Across the globe, war and sectarian violence on a scale unimaginable to Americans born since 1865 has scattered 22 million refugees to makeshift camps and emergency housing hundreds or thousands of miles from their homes. More than half — a population greater than twice the size of metro Detroit — are children.
Each year, the United Nations certifies less than 1 percent of all refugees for resettlement in its more stable member nations. Over the last decade, the United States has accepted the largest number of these referrals — more than 70,000 a year, on average. Southeast Michigan has been a favored destination, welcoming more than 21,000 refugees, the overwhelming majority of them from Iraq or Syria, since 2007.
There is no evidence that this influx has jeopardized the physical well-being or employment of the region's Michigan-born residents, and a great deal to suggest that it has done exactly the opposite.
But neither of those salient facts dissuaded the Trump White House from announcing that it would cut the number of refugees permitted to resettle in the United States by half this year, the lowest number since U.S. presidents began fixing an annual limit in 1980.
Like many of his claims about immigrants, Trump's assertion that refugees pose a special risk for the communities that succor them is a lie contradicted by virtually all the data available, much of it collected and certified by the U.S. government.
The freshest data is contained in a study released this month by researchers at the University of Michigan and the advocacy group Global Detroit. It makes a convincing case that the refugees who have flocked to southeast Michigan over the last decade are victims, not carriers, of terrorism, and that they have created jobs, not stolen them from native-born Michiganders.
A few of the more significant data points:
By the most conservative estimate, the more than 21,000 refugees resettled into Wayne, Oakland, Macomb and Washtenaw counties since 2006 are generating $229 million in economic activity and 1,798 new jobs every year. When more optimistic multipliers are factored in, the estimates grow to $295 million and 2,311 jobs.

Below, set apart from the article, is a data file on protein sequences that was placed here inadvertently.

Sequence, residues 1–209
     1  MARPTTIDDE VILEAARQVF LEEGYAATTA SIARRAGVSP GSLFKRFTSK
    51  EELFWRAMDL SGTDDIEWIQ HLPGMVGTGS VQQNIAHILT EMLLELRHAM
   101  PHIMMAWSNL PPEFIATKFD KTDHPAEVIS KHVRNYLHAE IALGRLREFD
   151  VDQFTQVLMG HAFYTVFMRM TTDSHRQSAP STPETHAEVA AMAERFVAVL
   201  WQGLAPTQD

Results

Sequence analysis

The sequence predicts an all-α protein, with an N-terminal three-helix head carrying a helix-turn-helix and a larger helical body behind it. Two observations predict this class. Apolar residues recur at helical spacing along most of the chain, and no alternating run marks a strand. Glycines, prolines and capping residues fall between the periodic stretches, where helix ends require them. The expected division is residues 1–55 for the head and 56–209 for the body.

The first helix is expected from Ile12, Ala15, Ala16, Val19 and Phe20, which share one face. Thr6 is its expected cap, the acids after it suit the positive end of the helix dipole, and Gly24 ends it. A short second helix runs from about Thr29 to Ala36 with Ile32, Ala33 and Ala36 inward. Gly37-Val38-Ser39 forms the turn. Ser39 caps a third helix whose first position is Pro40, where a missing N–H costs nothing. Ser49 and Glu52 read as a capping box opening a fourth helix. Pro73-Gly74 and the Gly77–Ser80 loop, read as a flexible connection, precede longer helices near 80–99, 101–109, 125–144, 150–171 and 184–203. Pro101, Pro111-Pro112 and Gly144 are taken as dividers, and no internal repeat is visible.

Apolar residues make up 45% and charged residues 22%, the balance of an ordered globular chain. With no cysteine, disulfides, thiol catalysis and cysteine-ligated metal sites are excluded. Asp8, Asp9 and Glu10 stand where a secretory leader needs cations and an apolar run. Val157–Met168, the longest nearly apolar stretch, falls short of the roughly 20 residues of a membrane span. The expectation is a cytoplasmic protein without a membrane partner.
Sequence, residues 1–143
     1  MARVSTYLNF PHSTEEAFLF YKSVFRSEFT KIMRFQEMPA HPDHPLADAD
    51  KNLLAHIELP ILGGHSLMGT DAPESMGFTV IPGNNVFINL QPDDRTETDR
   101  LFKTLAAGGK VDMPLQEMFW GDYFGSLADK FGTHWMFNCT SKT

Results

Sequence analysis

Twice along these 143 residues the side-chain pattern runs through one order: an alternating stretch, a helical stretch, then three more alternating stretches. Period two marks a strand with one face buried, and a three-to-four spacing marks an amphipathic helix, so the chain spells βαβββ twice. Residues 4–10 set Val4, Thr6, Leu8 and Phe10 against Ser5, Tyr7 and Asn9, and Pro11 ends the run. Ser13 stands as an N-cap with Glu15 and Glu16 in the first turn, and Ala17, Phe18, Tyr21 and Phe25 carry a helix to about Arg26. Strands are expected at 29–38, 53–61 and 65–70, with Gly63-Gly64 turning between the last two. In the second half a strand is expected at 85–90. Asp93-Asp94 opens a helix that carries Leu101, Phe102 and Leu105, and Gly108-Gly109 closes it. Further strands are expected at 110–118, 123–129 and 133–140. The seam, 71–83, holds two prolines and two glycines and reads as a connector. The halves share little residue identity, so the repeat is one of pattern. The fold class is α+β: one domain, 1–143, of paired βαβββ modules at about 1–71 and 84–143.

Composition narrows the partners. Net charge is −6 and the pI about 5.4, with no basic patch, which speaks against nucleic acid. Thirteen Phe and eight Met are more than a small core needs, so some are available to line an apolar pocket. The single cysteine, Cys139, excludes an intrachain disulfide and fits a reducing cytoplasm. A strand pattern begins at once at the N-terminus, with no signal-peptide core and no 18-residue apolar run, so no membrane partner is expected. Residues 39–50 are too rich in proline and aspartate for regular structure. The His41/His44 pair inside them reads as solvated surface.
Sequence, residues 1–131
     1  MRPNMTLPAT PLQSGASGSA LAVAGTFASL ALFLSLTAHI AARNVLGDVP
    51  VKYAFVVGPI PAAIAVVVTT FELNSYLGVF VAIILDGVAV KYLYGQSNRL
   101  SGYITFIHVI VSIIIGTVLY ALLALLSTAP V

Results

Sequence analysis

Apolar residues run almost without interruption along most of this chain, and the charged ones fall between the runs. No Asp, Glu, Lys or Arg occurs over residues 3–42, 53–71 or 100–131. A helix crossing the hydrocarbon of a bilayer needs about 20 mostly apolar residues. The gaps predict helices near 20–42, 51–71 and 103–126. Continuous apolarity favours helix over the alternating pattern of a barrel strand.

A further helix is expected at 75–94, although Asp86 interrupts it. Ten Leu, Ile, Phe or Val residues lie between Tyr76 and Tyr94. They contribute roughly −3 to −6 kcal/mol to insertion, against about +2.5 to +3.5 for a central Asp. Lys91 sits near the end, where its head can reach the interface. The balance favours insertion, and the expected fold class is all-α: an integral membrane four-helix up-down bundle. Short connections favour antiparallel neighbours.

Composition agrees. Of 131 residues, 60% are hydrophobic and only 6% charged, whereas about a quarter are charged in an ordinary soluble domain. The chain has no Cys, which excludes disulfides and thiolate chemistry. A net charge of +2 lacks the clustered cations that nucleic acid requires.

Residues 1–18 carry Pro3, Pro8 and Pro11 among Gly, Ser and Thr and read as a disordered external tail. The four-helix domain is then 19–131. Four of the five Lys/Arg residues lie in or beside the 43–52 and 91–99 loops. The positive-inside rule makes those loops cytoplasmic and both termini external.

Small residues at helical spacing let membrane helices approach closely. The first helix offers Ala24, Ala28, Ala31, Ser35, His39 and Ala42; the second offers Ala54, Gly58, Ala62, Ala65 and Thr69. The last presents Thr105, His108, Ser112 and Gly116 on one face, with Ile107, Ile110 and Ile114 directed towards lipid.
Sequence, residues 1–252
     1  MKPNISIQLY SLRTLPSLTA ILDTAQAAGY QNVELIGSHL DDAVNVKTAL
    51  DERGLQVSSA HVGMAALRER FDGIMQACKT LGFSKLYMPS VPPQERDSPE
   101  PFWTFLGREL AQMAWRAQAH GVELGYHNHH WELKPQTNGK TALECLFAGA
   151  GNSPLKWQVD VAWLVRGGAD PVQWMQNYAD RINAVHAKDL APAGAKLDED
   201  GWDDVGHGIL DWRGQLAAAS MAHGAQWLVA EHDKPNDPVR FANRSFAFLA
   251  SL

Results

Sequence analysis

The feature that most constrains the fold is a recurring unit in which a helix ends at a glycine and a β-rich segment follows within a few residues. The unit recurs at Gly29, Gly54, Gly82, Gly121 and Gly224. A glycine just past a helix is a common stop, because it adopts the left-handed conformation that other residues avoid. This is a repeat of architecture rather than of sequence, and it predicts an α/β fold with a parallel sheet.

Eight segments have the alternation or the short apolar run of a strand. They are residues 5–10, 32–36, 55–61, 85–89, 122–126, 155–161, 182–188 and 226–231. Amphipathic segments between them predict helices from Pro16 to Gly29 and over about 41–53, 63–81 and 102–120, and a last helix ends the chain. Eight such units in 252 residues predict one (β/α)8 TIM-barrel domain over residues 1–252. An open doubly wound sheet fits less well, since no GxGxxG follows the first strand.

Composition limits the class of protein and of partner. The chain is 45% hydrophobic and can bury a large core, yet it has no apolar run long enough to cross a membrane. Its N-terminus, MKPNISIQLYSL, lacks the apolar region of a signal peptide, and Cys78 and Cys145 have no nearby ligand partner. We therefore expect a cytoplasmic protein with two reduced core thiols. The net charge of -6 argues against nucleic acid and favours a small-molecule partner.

Three-fifths of the region's refugee households own their own businesses; 39 percent own two businesses or more. Refugees are more likely to be college-educated and self-employed than their native-born Michigan neighbors. After 25 years of residency, the income of the average refugee household eclipses that of the average U.S. household.
The biggest beneficiary has been Oakland County, which has welcomed 11,245 refugees — 32 percent of Michigan's resettlements over the last decade, and a proportionate amount of the economic windfall such refugees represent. A little something for L. Brooks Patterson to reflect on the next time he has a notion to regurgitate anti-immigrant propaganda unworthy of the prosperous, well-educated county he oversees.
The robust resettlement of refugees (who end up in Michigan more often than all but three other states) is almost single-handedly responsible for stanching the state's overall population loss. Michigan was the only state to lose population in the last federal Census, but has added 64,000 foreign-born residents since 2010.
The assertion that this economic bounty has come at a dangerous cost to public safety is a pernicious but persistent myth. As a class, no group of people seeking to enter the United States is more thoroughly scrutinized. The typical refugee spends nearly two years clearing the myriad security hurdles to resettlement, which include vetting by eight federal agencies employing six security databases, four biometric security checks and at least three in-person interviews.
Not that proving a refugee represents no threat to anyone is a ticket to resettlement in Michigan, or anywhere else in the U.S. Among the tiny minority who make the cut, Global Detroit points out, preference is given to "women and children at risk, survivors of violence, those with medical needs, or those waiting to be reunited with their family."
So it's not as though the decision to resettle refugees in Michigan was taken by shrewd policymakers eager to stabilize the state's population and spur economic development. It was a fundamentally humanitarian impulse — one that just happened to work out as well for the benefactors as it did for the beneficiaries.
Today, that quintessentially American generosity has been supplanted by a new regime of intolerance, and a demagogue-in-chief who stokes the flames with fear and falsehoods.
But make no mistake: If we persist in slamming the door on refugees fleeing war and persecution, we in Michigan risk forfeiting our prosperity as well as our humanity.
You may contact Brian Dickerson at the Detroit Free Press (TNS) by email: firstname.lastname@example.org.